Conspiracy theories and the left

Katrina Gulliver writes at National Review Online that far too many left-of-center partisans seem to have taken leave of their senses.

… [S]uch conspiracy-minded thinking is ascendant within the online #resistance. Left-wing Twitter sees secret white-supremacist symbols everywhere these days. In May, comedian Dean Obeidallah asked Twitter user Bill Presson “are u wearing a Nazi outfit?” Presson’s profile picture was indeed of a man in uniform — his father, who served in the U.S. Army and was killed in Vietnam. When this was pointed out, Obeidallah was decent enough to apologize. “I had no idea and I sincerely couldn’t tell that was an American uniform nor that the photo was your late father. Your father was a true patriot,” he wrote to Presson. Left unanswered was the question of who, upon seeing a military insignia they don’t recognize, immediately assumes that it’s a Nazi uniform.

In another Twitter outrage earlier this year, New Yorker staffer Talia Lavin was forced to resign after accusing a veteran who lost his legs in Afghanistan of being a Nazi, assuming that one of his tattoos, which was actually a symbol of his platoon, was an Iron Cross. And then there was Samantha Bee’s gleeful, televised judgment that a young man whose hair was partly shaved for cancer treatment was sporting a “Nazi haircut.” …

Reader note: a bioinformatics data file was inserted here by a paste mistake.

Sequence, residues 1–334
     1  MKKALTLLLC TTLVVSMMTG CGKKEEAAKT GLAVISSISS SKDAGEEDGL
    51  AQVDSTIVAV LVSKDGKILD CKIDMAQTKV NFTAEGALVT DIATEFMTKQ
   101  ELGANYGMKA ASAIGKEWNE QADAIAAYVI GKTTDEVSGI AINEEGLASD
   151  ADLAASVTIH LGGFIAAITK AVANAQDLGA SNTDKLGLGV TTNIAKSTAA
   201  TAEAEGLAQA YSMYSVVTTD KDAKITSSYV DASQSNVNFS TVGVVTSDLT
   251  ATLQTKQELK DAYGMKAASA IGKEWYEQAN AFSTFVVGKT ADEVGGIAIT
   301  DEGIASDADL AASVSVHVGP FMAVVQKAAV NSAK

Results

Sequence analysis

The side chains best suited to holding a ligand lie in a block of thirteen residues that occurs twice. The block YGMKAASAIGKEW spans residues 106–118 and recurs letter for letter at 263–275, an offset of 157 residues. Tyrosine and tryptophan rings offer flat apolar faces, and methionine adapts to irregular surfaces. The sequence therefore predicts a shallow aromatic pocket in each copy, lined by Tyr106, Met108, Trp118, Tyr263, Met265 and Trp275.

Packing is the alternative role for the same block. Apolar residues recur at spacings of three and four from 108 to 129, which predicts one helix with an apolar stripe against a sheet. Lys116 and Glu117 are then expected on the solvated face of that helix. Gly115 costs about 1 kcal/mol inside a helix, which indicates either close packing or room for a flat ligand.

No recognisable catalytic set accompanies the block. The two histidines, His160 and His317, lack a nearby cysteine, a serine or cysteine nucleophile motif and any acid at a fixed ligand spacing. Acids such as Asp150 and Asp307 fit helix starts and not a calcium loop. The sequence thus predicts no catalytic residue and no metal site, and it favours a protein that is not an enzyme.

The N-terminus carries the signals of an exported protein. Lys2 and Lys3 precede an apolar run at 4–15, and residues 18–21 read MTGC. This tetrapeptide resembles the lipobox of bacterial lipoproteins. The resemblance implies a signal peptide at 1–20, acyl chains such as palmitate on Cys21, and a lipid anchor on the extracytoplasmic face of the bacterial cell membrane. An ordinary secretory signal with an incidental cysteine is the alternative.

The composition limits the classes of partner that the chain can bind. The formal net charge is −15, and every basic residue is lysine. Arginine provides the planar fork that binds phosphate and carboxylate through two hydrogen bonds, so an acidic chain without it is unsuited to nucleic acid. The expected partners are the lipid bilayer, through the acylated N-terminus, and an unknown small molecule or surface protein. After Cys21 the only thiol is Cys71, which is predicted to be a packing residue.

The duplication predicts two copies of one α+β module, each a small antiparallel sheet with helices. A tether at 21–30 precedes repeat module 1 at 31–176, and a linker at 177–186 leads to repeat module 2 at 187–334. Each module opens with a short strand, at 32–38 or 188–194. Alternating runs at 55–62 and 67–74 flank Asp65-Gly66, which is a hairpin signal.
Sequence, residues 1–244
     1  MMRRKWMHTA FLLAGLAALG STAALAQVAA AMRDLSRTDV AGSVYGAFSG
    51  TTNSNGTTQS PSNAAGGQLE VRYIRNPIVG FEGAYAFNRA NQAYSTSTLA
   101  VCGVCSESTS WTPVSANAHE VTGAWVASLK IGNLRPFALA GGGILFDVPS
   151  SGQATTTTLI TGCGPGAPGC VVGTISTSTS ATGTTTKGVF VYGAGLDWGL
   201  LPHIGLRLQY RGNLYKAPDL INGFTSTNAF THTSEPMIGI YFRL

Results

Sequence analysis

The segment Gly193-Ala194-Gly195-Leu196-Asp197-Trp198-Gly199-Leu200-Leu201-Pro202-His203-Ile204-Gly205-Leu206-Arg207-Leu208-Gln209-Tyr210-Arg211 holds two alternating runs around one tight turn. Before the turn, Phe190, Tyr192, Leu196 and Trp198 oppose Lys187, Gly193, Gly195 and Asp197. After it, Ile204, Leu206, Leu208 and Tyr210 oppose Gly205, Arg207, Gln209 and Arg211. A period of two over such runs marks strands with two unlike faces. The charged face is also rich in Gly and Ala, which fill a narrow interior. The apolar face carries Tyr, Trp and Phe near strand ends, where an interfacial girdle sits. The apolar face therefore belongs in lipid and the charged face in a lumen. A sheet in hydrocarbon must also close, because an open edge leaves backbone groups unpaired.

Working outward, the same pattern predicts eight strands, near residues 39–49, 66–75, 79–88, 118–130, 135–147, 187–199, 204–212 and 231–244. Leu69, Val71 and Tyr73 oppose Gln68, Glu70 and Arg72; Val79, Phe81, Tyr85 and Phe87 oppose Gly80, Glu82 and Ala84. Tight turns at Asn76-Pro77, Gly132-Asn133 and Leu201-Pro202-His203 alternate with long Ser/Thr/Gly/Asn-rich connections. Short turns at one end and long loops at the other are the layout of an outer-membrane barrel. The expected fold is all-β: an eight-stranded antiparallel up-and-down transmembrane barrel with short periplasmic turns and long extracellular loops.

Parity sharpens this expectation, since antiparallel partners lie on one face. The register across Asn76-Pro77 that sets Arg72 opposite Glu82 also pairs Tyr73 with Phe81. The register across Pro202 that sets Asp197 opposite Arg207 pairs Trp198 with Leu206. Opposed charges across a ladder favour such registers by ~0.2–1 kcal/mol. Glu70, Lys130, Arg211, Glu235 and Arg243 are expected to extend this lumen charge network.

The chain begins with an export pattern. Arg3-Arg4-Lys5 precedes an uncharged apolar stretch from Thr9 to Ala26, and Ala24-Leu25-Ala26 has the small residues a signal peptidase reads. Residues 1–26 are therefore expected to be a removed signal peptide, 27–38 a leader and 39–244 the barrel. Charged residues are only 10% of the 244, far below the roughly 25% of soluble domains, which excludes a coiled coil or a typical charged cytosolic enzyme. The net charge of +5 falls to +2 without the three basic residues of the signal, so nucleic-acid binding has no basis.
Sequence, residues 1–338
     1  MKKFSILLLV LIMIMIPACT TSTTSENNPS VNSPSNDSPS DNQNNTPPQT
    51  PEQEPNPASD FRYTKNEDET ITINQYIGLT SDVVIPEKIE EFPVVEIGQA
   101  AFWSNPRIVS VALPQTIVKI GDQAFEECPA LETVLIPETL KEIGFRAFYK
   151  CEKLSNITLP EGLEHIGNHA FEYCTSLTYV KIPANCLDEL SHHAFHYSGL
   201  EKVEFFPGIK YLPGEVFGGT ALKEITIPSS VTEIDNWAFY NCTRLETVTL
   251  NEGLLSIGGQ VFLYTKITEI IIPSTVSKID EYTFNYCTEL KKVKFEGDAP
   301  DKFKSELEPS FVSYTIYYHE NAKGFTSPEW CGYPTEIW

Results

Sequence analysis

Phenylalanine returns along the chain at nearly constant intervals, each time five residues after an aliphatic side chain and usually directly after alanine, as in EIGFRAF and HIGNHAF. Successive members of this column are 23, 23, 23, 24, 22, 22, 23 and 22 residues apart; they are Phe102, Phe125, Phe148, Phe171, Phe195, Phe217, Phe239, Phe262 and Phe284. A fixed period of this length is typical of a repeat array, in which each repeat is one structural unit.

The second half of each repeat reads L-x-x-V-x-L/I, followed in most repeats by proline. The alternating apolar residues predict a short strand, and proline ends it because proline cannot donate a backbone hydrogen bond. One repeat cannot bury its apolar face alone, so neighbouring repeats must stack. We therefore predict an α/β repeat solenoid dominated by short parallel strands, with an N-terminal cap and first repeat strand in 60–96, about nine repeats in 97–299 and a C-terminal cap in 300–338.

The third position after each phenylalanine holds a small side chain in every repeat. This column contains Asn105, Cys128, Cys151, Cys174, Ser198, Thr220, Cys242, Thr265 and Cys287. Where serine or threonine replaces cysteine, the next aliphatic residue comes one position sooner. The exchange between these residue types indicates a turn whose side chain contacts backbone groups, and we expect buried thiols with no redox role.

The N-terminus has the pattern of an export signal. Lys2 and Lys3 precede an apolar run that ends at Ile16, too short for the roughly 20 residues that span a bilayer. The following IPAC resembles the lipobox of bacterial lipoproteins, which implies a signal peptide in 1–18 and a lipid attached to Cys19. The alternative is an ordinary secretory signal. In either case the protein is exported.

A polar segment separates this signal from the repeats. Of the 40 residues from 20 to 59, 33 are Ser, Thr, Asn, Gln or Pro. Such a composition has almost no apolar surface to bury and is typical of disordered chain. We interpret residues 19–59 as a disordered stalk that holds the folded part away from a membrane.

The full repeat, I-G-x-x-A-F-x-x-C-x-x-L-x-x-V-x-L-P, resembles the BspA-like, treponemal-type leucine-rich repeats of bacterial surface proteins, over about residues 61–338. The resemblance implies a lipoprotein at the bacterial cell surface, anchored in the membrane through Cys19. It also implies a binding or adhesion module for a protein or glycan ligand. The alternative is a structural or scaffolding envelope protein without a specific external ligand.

… Now we seem to be seeing a new version of this paranoia on the left. Rather than “love my country, fear my government,” the motto of the conspiracy-minded “resistance” seems to be “hate them both.” It’s hard to imagine even the most committed leftist 20 years ago thinking it likely that a U.S. serviceman was a fan of Hitler, or deciding that a half-Mexican, half-Jewish lawyer was a member of the Klan on the basis of the way she curled her fingers.

Mitch Kokai / Senior Political Analyst

Mitch Kokai is senior political analyst for the John Locke Foundation. He joined JLF in December 2005 as director of communications. That followed more than four years as chie...

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